MANILA, Philippines - Wesley So is giving up his Filipino citizenship to pursue his dreams of becoming a world champion.
In a letter to National Chess Federation of the Philippines (NCFP) president Butch Pichay, So bared his plans of changing allegiance and had, in fact, already applied for US citizenship last year.
“I have filed the paperwork to switch federation to the US last year. I respectfully ask that you grant me this opportunity and consent my transfer,” said So in his letter to the NCFP posted on the blog site of his coach, Susan Polgar, yesterday.
So has made it to the Top 15 in the world after ruling the Capablanca Memorial in Cuba last month.
“This is not an easy decision. But it is the best decision for me to have a chance to be a top 10 player in the world, and perhaps one day fight for the World Championship crown.
“I hope you will support my decision and allow me to make this change immediately so I can have a chance to chase my dream without losing more valuable time at this very important age,” said So.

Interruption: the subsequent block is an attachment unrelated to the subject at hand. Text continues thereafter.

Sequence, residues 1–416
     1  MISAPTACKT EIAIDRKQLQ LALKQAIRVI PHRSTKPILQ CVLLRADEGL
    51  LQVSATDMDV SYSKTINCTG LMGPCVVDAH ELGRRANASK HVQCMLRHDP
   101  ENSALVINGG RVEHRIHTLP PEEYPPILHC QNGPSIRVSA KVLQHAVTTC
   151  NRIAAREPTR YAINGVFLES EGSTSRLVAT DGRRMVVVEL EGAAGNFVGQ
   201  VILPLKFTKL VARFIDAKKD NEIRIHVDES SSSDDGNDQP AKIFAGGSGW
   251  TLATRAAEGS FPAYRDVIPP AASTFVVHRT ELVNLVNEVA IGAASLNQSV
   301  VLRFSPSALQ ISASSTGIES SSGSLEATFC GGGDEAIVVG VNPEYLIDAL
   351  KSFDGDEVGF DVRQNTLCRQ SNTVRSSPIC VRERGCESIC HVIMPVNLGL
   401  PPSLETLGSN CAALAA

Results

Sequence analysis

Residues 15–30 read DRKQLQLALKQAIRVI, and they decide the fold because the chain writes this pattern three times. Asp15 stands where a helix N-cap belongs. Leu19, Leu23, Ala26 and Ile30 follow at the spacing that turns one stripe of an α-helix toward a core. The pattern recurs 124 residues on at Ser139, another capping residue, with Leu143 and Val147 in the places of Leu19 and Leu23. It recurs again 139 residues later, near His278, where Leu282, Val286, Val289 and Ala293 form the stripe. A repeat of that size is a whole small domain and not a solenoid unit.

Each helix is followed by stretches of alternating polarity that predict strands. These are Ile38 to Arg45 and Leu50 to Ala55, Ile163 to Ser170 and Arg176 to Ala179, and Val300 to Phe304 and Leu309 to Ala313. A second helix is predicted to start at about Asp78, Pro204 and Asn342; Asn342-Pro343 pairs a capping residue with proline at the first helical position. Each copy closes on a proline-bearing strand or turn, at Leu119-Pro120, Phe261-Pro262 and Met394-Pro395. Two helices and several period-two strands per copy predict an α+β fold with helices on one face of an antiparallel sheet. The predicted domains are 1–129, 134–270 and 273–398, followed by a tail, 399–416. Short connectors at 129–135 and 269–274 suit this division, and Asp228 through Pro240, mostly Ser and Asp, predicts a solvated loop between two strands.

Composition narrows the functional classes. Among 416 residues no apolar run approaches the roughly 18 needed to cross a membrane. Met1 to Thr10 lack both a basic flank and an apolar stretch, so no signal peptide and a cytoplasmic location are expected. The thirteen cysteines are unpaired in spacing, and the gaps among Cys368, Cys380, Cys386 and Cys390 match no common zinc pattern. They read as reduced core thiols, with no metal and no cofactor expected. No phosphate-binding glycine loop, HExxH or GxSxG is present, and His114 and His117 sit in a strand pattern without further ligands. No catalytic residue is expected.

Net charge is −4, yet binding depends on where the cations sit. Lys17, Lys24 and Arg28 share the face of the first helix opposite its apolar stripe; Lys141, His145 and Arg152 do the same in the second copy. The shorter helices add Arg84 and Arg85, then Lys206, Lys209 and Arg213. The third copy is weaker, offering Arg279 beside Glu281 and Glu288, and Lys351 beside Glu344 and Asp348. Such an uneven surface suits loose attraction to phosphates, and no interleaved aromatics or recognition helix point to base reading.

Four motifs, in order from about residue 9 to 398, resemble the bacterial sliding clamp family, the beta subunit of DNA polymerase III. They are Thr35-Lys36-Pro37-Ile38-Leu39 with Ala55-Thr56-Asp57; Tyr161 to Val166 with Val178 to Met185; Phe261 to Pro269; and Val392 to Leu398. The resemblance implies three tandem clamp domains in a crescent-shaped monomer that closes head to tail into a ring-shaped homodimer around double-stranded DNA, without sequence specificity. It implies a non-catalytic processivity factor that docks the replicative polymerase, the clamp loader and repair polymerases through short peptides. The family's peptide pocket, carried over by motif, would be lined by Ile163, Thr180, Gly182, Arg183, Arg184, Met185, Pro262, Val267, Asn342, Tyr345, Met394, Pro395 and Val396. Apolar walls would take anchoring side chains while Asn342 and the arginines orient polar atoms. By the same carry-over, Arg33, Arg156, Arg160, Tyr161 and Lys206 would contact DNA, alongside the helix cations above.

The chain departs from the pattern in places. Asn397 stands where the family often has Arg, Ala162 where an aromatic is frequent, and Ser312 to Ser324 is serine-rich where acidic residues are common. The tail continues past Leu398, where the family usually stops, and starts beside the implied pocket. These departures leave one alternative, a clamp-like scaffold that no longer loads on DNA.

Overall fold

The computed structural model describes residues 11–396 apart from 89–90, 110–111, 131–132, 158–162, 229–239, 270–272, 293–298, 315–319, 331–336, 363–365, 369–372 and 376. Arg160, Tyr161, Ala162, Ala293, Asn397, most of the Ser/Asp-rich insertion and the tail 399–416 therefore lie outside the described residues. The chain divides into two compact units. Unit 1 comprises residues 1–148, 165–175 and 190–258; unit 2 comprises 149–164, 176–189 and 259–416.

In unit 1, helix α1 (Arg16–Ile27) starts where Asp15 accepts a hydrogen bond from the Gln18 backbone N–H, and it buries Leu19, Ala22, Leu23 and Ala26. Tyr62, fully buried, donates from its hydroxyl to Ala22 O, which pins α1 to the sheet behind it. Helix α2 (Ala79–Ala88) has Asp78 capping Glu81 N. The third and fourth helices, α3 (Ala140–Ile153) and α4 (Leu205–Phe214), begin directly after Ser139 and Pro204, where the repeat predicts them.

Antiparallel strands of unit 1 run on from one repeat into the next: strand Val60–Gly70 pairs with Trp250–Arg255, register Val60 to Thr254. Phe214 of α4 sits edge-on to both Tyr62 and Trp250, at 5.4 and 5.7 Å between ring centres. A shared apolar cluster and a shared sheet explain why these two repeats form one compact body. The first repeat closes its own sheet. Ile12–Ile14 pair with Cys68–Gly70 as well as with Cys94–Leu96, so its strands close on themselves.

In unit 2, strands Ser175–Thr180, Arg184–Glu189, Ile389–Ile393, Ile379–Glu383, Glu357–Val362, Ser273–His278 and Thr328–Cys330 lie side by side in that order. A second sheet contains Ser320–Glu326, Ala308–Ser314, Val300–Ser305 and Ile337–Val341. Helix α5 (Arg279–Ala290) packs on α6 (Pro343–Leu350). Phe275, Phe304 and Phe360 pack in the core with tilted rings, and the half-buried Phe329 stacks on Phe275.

But Pichay is expected to again reject So’s request, as he has continued to resist the grandmaster’s transfer request since last year.
This means So will have to pay 50,000 euros to NCFP or undergo the two-year waiting period imposed by the international chess federation FIDE on players opting to change federations.
This would mean So would not be able to participate in any FIDE-sanctioned events, including this year’s World Chess Olympiad in Tromso, Norway where he is expected to man the top board.
“If you choose not to approve my transfer request, I have no way of paying the 50,000 euros fees to the NCFP. Therefore, I will have no choice but to sit out another year to fulfill my full two-year waiting period so no transfer fees are needed,” said So.
“This will not benefit the NCFP at all. However, it will severely slow down my progress by not being able to play in official FIDE events such as the World Cup, World Blitz and Rapid Championships, etc. I will be forced to miss the next World Championship cycle.
“Because of the two-year waiting period rule of FIDE, I am not able to compete in the World Rapid and Blitz Championships in Dubai next week. I will also not be able to compete in the upcoming Olympiad in Norway,” he added.